from Vantage Point July, 2011 News Focus
U.N. Panel Urges Immediate Stop of North Korea's Uranium Program
THE PANEL SAID IN A REPORT THAT N. KOREA HAS LONG PURSUED
A UEP STRESSING THAT THE UEP CAN BE EASILY DIVERTED TO MILITARY USE.
AUnited Nations panel has recommended that the U.N. Security Council urge
North Korea to make an immediate halt to its uranium enrichment program
(UEP), saying the UEP is apparently aimed for military purposes, rather than for
energy for peaceful use as claimed by the socialist state.
The U.N. Security Council panel also recommended the Security Council to
demand the North stop the construction of a light-water reactor, which the North
also described as being used for peaceful purposes, saying the construction is the
violation of U.N. Security Council Resolutions, both 1718 and 1874.
The U.N. recommendations were revealed by a report of the panel of experts
established pursuant to resolution 1874, which was obtained by Yonhap News
Agency on May 29.
However, the report has not been approved due to the opposition from China,
North Korea’s staunchest ally. All of the 15 Security Council members need to sign
it before being released. China is one of veto-wielding five permanent members of
China has blocked a United Nations committee from adopting a report condemning
North Korea’s establishment of a uranium enrichment program that could serve
as a second way of making nuclear weapons aside from its plutonium-based program,
according to a diplomat on Feb. 24.
“China opposed the adoption of a report on North Korea’s uranium enrichment
program during today’s U.N. Security Council committee meeting to assess the
implementation of sanctions on North Korea,” the diplomat said, asking anonymity.
Also disclosed by the panel report are photos of the North’s nuclear complex in
Yongbyon, a fuel fabrication complex, and uranium enrichment workshop, all of
which were taken by the observatory satellite IKONOS on May 2.
The report claimed that North Korea has long pursued a uranium enrichment
program, saying that the UEP can be easily diverted to military use.
Saying that the centrifuges the North has showed to a U.S. scientist last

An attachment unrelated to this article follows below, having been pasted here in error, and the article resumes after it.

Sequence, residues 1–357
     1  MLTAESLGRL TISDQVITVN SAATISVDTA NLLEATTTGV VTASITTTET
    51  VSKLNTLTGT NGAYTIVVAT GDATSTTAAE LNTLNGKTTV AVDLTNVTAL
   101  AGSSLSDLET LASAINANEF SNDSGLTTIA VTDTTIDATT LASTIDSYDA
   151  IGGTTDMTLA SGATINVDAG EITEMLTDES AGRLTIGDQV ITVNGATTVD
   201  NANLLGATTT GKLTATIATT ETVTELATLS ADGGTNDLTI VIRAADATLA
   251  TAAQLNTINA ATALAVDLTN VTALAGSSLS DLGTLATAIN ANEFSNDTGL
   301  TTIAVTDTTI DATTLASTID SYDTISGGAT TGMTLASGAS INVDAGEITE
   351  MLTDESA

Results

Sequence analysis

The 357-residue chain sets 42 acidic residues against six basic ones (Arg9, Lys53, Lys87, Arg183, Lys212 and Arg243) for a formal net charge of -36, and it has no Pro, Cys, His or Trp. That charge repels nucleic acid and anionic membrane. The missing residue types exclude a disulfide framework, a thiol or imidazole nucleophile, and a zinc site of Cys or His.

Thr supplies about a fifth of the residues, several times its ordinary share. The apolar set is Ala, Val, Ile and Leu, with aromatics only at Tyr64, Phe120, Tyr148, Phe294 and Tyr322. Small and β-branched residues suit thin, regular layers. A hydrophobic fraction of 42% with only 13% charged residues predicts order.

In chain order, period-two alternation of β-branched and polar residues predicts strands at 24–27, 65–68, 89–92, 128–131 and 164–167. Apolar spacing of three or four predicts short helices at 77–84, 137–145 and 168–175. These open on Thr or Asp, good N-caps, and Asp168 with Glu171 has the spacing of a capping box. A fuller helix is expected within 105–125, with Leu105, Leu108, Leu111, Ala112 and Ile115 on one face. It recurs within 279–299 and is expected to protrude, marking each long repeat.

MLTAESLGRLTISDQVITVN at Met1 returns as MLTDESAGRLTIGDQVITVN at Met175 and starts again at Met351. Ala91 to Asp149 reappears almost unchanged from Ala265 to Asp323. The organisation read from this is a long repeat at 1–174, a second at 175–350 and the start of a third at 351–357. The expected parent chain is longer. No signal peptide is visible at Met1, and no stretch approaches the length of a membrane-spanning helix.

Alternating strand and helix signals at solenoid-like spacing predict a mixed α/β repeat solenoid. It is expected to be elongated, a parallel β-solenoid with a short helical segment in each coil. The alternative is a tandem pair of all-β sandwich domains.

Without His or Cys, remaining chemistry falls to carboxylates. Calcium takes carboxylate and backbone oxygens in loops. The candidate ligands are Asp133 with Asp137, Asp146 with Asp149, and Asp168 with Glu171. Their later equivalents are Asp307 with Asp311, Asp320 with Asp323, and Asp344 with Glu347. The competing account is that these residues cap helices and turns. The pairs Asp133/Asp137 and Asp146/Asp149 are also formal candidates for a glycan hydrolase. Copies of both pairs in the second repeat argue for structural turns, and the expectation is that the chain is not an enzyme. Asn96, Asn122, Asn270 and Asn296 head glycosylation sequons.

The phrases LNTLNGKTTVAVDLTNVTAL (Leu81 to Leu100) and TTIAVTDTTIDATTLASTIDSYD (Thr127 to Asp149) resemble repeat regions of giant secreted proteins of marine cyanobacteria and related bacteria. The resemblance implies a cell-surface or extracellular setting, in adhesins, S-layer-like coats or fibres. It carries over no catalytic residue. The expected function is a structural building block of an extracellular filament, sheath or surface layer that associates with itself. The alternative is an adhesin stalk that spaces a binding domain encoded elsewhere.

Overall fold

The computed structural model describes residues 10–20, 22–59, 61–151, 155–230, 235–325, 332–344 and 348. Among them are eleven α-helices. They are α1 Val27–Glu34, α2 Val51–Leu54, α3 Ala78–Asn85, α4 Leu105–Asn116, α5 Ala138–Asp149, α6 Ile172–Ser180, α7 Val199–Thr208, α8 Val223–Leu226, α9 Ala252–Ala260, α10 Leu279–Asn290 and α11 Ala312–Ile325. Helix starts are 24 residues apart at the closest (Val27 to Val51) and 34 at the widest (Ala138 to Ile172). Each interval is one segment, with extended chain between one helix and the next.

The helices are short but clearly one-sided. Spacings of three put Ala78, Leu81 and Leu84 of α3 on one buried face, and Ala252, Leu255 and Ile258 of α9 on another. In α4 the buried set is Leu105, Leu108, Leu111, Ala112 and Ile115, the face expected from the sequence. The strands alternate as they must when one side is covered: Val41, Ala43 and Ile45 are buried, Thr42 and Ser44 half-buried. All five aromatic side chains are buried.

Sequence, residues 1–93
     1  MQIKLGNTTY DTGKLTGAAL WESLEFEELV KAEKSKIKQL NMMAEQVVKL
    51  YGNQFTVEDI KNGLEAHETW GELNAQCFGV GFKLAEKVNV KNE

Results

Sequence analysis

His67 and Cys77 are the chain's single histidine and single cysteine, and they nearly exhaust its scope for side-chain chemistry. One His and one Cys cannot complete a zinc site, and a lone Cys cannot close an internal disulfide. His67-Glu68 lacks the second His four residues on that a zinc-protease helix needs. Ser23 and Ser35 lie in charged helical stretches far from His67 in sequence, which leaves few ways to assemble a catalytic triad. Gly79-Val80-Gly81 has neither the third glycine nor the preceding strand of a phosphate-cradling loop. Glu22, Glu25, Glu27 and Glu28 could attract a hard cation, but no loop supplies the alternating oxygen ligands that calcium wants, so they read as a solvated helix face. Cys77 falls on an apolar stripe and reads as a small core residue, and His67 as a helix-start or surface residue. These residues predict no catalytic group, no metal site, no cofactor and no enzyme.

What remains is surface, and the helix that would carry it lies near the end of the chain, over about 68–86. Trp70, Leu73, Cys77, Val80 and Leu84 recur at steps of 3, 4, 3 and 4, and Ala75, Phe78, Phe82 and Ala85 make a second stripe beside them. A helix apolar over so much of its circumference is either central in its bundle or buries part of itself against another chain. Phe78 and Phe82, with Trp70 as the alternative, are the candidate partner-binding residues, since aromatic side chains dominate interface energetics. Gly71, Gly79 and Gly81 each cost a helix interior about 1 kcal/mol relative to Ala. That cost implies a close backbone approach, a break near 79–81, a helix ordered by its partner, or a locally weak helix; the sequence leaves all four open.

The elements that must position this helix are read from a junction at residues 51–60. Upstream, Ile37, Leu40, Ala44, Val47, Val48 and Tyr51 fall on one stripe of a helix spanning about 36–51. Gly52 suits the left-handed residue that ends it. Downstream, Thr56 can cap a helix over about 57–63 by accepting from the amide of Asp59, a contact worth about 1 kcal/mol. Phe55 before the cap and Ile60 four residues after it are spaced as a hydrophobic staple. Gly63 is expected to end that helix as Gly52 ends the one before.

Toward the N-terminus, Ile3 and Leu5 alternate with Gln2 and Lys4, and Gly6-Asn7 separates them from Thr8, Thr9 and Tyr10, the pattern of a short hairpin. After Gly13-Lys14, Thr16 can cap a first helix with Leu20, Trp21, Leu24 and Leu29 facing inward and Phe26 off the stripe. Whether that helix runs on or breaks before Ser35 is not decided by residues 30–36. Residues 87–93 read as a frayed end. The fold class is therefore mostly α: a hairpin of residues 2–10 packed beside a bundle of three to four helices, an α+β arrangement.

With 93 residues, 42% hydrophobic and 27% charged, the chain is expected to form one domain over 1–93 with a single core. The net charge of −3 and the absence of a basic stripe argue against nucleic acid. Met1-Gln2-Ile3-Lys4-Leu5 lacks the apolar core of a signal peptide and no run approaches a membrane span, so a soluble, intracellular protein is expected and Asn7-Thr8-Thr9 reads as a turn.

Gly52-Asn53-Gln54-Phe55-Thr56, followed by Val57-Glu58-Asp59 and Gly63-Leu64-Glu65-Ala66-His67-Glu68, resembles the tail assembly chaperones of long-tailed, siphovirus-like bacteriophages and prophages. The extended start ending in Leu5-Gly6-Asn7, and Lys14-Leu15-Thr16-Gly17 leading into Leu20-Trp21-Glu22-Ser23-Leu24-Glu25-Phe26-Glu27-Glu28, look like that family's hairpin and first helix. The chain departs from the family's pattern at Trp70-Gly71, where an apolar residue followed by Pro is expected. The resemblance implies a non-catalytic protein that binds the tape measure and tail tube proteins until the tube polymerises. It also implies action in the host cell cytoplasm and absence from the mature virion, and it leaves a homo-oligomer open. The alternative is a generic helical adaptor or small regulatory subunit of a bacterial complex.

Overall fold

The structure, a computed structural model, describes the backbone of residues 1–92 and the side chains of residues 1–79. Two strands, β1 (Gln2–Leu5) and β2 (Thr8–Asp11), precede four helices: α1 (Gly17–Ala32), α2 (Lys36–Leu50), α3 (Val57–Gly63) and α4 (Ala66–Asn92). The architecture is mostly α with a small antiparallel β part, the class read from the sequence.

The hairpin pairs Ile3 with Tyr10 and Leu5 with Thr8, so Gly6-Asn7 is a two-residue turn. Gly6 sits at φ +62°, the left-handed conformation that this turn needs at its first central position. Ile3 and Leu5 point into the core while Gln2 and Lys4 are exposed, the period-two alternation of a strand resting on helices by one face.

November are not the only facility, the report claimed that there is a high likelihood
that the North has other secret or similar nuclear facilities that can produce
both lightly and highly enriched uranium.
North Korea showed the new light-water reactor and a nearby uranium enrich-
ment plant to Siegfried Hecker, a professor at Stanford University, in November,
saying the uranium enrichment is for fueling the light-water reactor for power generation.
Hecker, former director of Los Alamos National Laboratory, said he was shown
the 100-megawatt experimental light-water reactor “in the early stages of construction.”
He said at the time that he saw hundreds of centrifuges in three rows in a nearby
uranium enrichment plant and was told by North Koreans that the plant has 2,000
Recently, a U.S. think tank said North Korea has made progress in building a
light water reactor in its nuclear complex, amid concerns that might serve as another
way of making nuclear weapons for the reclusive communist state.
In the report, the panel members also claimed that the North’s nuclear program
is a big challenge for its complete, verifiable and irreversible dismantlement of
nuclear weapons programs.
The report emphasized the need for the International Atomic Energy Agency’s
(IAEA’s) monitoring and complete access to the North’s all nuclear facilities and
It also pointed out that the nuclear facilities in Yongbyon have been exposed to
the danger of contamination, saying that nuclear safety should be discussed as a
part of the issue for the North’s denuclearization.
But the panel’s report was not adopted due to opposition from Chinese members
and was not open to the public.
North Korea withdrew from the Nuclear Nonproliferation Treaty (NPT) in 2003 as
Washington, citing the North’s then-clandestine uranium project, suspended the
construction of two light-water reactors being built under a 1994 bilateral deal.
The regime expelled IAEA monitors in early 2009 in the wake of U.N. Security
Council sanctions for a missile test. Months later, Pyongyang detonated its second
nuclear device, after the first detonation in 2006, drawing harsher U.N. sanctions.
The Security Council imposed sanctions against North Korea after its first nuclear
test in 2006 and stepped up sanctions after its second test in 2009 to try to derail
the country’s rogue nuclear weapons and ballistic missile programs.
The council authorized the experts panel in the 2009 resolution and the seven
independent members were appointed by U.N. Secretary-General Ban Ki-moon.
Meanwhile, China joined the rest of the U.N. Security Council on June 10 in
renewing the mandate of a committee of experts monitoring sanctions against
North Korea even though Beijing has blocked release of the experts’ latest report,
according to AP. (Yonhap News)